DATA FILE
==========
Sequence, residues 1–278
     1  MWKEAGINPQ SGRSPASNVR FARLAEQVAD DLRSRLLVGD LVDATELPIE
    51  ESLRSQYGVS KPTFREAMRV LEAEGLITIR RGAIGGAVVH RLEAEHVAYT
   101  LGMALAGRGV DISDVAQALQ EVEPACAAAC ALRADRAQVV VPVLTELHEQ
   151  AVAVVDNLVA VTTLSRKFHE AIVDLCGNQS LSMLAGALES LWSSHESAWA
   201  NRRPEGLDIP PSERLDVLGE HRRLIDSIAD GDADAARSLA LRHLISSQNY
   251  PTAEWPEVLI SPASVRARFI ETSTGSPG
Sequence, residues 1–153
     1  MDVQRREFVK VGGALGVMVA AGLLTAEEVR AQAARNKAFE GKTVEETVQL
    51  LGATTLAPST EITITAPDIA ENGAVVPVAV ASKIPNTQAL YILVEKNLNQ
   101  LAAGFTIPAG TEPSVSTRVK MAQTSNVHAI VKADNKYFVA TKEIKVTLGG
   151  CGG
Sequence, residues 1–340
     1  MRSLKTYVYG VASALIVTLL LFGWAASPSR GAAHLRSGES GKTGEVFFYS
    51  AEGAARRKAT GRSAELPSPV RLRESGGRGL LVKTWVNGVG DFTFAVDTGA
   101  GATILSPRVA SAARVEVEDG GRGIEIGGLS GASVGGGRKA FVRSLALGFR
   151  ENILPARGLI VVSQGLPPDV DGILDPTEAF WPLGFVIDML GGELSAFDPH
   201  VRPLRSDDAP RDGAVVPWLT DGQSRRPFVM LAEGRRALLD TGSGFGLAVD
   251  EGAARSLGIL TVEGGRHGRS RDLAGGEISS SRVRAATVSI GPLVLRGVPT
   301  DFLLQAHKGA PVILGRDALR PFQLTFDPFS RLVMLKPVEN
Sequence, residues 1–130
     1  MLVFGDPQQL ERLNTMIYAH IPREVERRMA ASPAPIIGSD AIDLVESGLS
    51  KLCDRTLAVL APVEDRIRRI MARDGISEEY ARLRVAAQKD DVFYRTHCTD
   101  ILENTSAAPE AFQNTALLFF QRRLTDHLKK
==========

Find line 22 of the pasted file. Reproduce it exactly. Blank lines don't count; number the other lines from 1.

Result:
     1  MLVFGDPQQL ERLNTMIYAH IPREVERRMA ASPAPIIGSD AIDLVESGLS